But some breaks targeted at specific industries, or broadly at corporate investment, eat up a sizable and growing chunk of state money. The Advocate examined six major programs.
Among the newspaper’s findings:
Louisiana’s film incentive program cost state taxpayers $251 million last year and returned less than 25 percent of that to state coffers in the form of taxes. Considered the most generous of its kind in the nation, the film incentive has made the state America’s busiest locale for making feature films. It’s no wonder: State taxpayers cover 30 percent of the cost of movies filmed here, including eight-figure star salaries such as the estimated $20 million paid to Tom Cruise for 2013’s “Oblivion.”
Refunds of a property tax that businesses pay on their inventory have more than doubled in the past seven years, reaching $427 million last year and widening the hole in the state budget. The tax, little known to most Louisianians, is assessed at the local level and paid by businesses to parish governments. The state then cuts refund checks for the entirety of the tax paid, under a law passed in 1992. The pass-through in effect means taxpayers around Louisiana are subsidizing parishes with heavy industry, which generates most of the tax. For example, roughly 6 percent of the revenue from the inventory tax program goes to St. James Parish, which has just 0.5 percent of Louisiana’s population.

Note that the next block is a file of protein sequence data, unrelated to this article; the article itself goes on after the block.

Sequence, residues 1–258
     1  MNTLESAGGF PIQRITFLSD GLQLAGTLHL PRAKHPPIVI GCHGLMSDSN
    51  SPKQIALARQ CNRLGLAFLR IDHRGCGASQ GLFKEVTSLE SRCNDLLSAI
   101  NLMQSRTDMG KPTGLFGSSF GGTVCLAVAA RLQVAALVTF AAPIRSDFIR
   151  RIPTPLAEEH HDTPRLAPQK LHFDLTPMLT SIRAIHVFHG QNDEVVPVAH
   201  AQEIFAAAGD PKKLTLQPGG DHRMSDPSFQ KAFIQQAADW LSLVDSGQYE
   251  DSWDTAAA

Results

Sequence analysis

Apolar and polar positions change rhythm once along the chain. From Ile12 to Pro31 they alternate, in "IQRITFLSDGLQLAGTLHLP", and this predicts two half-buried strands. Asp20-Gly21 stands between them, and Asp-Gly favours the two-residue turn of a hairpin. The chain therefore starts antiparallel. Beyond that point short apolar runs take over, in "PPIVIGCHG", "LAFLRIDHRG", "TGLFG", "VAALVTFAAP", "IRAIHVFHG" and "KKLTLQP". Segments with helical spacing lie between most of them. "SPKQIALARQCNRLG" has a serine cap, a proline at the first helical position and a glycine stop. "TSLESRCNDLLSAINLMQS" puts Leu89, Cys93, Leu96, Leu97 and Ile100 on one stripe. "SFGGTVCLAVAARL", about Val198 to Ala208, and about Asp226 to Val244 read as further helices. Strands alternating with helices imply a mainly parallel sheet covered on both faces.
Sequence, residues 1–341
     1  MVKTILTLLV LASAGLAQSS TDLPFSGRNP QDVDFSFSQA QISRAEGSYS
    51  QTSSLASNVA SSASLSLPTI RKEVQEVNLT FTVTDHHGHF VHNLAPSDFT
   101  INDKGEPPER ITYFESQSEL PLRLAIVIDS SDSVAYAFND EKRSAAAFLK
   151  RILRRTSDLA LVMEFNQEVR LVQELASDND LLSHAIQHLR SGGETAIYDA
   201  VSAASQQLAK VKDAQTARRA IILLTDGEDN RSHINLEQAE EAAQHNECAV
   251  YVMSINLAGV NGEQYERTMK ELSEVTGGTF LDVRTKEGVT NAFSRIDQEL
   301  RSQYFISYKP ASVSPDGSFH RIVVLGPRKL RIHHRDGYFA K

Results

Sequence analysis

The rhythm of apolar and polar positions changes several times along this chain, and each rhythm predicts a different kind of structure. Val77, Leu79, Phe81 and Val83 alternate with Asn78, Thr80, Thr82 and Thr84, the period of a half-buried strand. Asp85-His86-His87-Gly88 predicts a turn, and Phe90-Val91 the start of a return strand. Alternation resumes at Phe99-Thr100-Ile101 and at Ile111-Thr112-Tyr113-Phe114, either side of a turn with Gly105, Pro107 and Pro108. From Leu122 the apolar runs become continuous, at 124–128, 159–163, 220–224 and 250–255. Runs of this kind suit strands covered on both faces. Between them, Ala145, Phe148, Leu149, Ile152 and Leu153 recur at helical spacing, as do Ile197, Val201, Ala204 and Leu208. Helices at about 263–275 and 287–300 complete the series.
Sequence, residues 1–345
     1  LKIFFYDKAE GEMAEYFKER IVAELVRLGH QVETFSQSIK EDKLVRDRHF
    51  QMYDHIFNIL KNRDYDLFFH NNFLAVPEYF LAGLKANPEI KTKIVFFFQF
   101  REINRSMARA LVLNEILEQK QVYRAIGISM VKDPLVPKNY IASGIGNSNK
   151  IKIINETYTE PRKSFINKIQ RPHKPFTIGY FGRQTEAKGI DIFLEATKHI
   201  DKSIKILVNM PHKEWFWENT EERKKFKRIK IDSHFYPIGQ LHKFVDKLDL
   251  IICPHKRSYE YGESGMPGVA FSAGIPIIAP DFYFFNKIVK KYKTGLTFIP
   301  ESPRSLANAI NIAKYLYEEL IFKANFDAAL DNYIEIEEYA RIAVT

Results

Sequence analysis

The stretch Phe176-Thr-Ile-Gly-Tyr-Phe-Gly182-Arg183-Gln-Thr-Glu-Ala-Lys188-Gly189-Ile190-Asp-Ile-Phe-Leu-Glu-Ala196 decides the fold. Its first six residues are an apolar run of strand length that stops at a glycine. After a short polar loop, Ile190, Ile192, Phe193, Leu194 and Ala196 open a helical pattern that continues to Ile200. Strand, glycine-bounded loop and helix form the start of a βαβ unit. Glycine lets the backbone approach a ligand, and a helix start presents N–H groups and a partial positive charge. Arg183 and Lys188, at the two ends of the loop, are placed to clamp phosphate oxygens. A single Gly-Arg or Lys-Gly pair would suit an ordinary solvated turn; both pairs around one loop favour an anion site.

Louisiana’s solar power tax credit, which was billed as having negligible cost to taxpayers when it was created six years ago, ballooned to $61 million in 2013. That’s because it’s hard to pass up: It covers 50 percent of the cost of solar installations, which, when combined with a similar federal program, gives homeowners a robust return on their investment. It’s the most generous incentive of its kind in the nation.